|October 12, 1986||Gary Goodridge [a]||(Canada)||1 year, 131 days|
|February 20, 1988||Garvin Lewis||Gary Goodridge||Ontario Provincial Championships||2 years, 243 days|
|October 20, 1990||Gary Goodridge||Garvin Lewis||Canadian Stand-Up National Championships||1 year, 237 days|
|June 13, 1992||Steve Morneau||(Gary Goodridge), (Garvin Lewis)||Gloucester Fair International Armwrestling Championship||364 days|
|June 12, 1993||Gary Goodridge||Steve Morneau||Gloucester Fair International Armwrestling Championship||364 days|
|June 11, 1994||Steve Morneau||Gary Goodridge||Gloucester Fair International Armwrestling Championship||364 days|
|June 10, 1995||Garvin Lewis||(Steve Morneau), (Gary Goodridge)||Gloucester Fair International Armwrestling Championship||1 year, 364 days|
|June 08, 1997||Eric Woelfel [a]||Mairbek Gioev||Golden Bear International Tournament (Russia)||180 days|
|December 05, 1997||Alan Karaev||Eric Woelfel||WAF World Championship (India)||337 days|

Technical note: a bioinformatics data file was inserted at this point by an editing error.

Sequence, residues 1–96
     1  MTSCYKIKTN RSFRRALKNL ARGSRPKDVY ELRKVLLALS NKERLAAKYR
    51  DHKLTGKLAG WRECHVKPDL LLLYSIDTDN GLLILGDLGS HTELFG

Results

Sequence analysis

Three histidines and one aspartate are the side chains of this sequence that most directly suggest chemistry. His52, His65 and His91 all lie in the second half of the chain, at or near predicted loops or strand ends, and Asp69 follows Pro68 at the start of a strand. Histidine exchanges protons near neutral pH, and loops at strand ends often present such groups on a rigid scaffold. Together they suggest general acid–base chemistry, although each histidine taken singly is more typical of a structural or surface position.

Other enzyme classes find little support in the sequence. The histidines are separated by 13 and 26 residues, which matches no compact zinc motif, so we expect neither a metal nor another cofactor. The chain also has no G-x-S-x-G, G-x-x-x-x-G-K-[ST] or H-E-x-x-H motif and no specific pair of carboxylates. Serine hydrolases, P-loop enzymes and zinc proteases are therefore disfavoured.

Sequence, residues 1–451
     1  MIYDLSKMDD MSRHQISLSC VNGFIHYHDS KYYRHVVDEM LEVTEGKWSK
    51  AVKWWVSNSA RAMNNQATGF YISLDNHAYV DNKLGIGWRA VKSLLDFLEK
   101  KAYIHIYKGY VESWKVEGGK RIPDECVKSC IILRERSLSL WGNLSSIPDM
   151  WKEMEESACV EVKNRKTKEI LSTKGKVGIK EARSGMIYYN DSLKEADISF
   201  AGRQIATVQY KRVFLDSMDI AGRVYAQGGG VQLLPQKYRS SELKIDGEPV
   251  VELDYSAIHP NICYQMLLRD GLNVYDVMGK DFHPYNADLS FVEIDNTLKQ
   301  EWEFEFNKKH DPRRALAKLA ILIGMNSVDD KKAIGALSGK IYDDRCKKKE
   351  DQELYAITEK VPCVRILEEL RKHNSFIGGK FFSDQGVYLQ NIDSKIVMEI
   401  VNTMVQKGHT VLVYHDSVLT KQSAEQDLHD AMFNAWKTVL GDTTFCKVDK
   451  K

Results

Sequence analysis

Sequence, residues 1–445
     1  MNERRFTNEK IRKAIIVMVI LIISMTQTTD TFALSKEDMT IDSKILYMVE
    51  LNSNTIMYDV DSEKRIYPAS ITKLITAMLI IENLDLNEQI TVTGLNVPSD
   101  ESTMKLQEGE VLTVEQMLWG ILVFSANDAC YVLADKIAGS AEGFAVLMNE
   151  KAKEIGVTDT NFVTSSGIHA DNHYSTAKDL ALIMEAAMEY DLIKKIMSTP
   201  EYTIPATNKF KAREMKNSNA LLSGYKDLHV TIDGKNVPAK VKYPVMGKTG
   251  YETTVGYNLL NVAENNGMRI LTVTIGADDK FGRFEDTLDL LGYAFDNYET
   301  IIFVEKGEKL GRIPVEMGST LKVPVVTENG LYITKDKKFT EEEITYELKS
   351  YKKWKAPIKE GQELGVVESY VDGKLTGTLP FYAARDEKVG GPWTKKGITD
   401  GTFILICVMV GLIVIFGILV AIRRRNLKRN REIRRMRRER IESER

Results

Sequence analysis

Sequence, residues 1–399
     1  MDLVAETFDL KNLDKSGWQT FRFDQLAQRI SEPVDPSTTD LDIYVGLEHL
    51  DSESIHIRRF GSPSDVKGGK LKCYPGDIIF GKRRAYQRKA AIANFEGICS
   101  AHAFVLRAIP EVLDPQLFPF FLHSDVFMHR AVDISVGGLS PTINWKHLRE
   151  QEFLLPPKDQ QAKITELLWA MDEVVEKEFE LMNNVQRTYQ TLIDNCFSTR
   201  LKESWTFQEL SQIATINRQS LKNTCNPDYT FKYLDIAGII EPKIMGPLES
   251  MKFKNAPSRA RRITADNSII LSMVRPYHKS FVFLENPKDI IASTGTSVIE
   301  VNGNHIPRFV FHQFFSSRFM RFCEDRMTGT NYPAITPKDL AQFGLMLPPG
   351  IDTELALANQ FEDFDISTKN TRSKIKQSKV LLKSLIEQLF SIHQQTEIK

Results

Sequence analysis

|November 07, 1998||Vakhtang Javakhadze||Alan Karaev||WAF World Championship (Egypt)||264 days|
|July 29, 1999||Erekle Gurchiani||Vakhtang Javakhadze||European Armwrestling Championships||1 year, 1 day|
|July 29, 2000||Alan Karaev [a]||Vakhtang Javakhadze||World Armsport Championship||65 days|
|October 02, 2000||Len Houghton||Earl Wilson||Canadian Nationals||336 days|
|September 03, 2001||Dan Victor [a]||(Earl Wilson)||Harley Pull||230 days|
|April 21, 2002||Alan Karaev [a]||Cleve Dean||World Armsport Federation World Championship||165 days|
|October 03, 2002||Christian Binnie [a]||Eric Woelfel||Harley Pull||65 days|
|December 07, 2002||Travis Bagent||Christian Binnie||All-Niagara Armwrestling Championship||35 days|
|January 11, 2003||Christian Binnie||Travis Bagent||Reno Reunion Armwrestling Championship||140 days|
|May 31, 2003||Travis Bagent||Christian Binnie||AAA Nationals||1 year, 300 days|
|March 26, 2005||Earl Wilson||Sylvain Perron / (Devon Larrat)||Mike Gould Classic||364 days|